Huddling for camaraderie at night

The purpose was simple: Enjoy a favorite beverage in the comfort of your home and join a video meeting to discuss topics pertaining to COVID-19, ranging from guidelines to the impact of the pandemic on families.


We vividly remember greeting our colleagues with a big smile or warm hug, asking about updates in their lives. We remember collaborating on difficult cases in our workrooms, going to happy hours and noon conferences with these colleagues, who had become our closest friends over the years. These moments filled our “happiness buckets.” And then, in a week's time, our lives changed drastically.

Our overall workforce decreased. An eerie sense of loneliness filled the hospital. Interactions with colleagues were limited, unless about patient care. Everyone felt more comfortable in their sanitized siloes. Not to mention, you could barely recognize who was really behind that mask. We talked about losing human connection with our patients. We feared we were getting increasingly distant from our colleagues.

Humans need social interaction. What happens when we cannot effectively do this without risking our colleagues, families, and close friends? Isolation, anxiety, and fear about the unknown were sure to take a huge toll. Guidelines and management of COVID-19 changed what felt like daily. How could we keep up while maintaining our sanity?

After brainstorming solutions, our wellness committee orchestrated sessions called “COVID Debriefs.” The purpose was simple: Enjoy a favorite beverage in the comfort of your home and join a video meeting to discuss topics pertaining to COVID-19, ranging from guidelines to the impact of the pandemic on families.

Our weekly sessions started on Wednesday nights before transition of service and helped connect our 98 faculty members and the leadership team. They were a platform to normalize the emotional turmoil many felt while simultaneously sharing updates on the nuts and bolts of inpatient management. Sessions covered topics such as expediting admissions, proning, troubleshooting family expectations, facilitating advance care planning, and prescribing anticoagulation at discharge. One week was dedicated to discussing clinical trials available at our institution. We also had panelists share cases and tips on using consent forms and overcoming language and physical barriers. One session focused solely on wellness and how to create an emotional connection with patients and colleagues despite the masks and layers of protection. This allowed for thoughtful discussions about the toll of COVID-19 on our humanism.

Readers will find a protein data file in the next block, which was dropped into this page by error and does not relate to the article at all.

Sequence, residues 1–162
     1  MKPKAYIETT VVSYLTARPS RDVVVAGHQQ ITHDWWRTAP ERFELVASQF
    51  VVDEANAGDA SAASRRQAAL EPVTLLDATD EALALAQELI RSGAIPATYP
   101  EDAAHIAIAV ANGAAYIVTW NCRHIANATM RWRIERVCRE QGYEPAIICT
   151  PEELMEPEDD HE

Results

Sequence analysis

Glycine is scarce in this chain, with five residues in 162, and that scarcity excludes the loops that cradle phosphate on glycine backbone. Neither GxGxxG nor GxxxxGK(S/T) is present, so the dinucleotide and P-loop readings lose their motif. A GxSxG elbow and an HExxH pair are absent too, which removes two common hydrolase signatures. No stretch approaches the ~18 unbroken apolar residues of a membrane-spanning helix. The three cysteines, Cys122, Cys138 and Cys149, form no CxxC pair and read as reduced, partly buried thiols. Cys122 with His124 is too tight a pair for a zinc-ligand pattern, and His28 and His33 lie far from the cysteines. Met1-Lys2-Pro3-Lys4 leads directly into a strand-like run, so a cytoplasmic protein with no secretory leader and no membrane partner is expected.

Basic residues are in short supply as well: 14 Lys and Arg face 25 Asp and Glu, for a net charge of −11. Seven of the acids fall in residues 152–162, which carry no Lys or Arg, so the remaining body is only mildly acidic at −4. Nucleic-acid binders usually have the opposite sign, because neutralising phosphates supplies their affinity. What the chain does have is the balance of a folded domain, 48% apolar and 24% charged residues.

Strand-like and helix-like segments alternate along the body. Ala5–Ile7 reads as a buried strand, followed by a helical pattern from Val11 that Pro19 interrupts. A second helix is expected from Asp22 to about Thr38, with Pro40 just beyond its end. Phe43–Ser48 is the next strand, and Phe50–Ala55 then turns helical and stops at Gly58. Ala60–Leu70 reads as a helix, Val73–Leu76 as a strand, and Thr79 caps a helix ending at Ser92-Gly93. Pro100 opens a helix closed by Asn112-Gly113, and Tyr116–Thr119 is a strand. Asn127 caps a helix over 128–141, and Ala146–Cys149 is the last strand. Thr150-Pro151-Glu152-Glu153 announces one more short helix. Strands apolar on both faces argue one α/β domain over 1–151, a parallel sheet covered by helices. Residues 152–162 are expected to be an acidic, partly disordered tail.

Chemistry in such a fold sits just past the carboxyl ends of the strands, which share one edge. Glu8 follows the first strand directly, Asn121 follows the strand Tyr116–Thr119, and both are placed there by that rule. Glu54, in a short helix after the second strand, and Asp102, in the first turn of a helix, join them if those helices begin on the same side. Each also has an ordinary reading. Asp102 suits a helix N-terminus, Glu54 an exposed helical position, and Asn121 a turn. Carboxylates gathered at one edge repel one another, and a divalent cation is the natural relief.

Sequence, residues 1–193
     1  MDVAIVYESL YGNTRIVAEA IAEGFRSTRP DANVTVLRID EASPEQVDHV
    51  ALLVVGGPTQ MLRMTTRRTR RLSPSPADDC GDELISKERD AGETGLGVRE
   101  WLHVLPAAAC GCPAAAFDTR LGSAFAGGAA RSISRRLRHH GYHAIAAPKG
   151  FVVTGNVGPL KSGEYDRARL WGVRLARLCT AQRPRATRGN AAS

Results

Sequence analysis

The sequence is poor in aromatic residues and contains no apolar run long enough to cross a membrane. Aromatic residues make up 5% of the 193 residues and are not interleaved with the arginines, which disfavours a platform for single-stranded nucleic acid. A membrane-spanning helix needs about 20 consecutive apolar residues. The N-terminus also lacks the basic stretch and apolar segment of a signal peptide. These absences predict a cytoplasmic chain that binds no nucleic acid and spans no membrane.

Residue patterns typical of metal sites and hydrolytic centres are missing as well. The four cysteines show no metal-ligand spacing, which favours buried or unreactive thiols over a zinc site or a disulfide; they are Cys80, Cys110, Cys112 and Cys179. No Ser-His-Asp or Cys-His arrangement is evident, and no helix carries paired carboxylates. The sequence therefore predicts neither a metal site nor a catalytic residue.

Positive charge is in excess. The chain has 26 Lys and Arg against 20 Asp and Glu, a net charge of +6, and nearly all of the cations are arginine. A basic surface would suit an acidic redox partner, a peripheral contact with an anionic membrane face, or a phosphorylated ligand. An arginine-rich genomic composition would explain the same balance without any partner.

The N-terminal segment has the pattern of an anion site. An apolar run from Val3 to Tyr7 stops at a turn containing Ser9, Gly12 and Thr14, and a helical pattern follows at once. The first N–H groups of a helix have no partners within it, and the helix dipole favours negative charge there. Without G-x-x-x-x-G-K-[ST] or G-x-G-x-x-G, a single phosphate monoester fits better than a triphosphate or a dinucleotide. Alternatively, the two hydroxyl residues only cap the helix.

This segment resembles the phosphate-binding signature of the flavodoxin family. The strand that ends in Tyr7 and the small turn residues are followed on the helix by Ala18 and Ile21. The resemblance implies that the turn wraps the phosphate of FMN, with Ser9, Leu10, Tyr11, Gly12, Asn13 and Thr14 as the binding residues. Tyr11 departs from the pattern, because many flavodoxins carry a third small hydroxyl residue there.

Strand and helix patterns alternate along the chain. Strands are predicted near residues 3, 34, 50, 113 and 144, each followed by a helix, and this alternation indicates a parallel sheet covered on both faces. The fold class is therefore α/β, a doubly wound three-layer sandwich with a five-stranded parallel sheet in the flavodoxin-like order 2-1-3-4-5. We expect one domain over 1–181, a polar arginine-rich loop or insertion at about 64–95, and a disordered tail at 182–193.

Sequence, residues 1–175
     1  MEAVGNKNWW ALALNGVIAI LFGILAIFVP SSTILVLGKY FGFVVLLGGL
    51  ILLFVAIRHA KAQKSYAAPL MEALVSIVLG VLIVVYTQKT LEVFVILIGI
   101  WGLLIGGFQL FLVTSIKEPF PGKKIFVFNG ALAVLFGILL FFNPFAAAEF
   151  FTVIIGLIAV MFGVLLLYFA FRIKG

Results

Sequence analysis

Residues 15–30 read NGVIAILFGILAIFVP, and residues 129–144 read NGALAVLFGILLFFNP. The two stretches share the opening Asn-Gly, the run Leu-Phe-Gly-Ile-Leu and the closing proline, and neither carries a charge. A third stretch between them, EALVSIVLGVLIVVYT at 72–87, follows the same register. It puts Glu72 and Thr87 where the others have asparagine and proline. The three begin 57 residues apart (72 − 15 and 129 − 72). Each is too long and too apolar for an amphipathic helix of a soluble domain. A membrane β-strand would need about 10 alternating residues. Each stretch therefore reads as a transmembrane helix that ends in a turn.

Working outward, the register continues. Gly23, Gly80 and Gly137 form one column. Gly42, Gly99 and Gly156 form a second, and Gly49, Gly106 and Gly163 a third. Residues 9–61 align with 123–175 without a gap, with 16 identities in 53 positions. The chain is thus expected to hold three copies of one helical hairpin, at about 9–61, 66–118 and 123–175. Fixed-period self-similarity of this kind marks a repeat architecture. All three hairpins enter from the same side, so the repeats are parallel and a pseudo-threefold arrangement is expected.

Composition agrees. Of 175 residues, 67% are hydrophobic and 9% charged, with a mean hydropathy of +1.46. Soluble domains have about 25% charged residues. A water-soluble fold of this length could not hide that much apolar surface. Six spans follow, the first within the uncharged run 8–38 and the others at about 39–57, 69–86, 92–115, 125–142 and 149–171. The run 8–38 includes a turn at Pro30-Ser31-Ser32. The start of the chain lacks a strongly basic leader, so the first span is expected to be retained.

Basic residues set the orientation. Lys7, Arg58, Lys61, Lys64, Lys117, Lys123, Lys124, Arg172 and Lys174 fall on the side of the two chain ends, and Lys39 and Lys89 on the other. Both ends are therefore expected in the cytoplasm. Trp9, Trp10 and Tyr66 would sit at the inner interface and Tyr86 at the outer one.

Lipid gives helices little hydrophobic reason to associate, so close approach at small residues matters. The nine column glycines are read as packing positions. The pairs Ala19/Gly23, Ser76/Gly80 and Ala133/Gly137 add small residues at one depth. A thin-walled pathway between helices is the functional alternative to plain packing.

This is an ongoing project, and we have now transitioned to monthly sessions. We continue to have around 30 active participants at each session. The sessions are recorded, and a scribe helps disseminate the information. While this virtual meeting does not replace human connection, it facilitates collegiality, enables information sharing, and rekindles comradery. The kindness and empathy that we show our colleagues helps foster our connection to our patients and their hardships.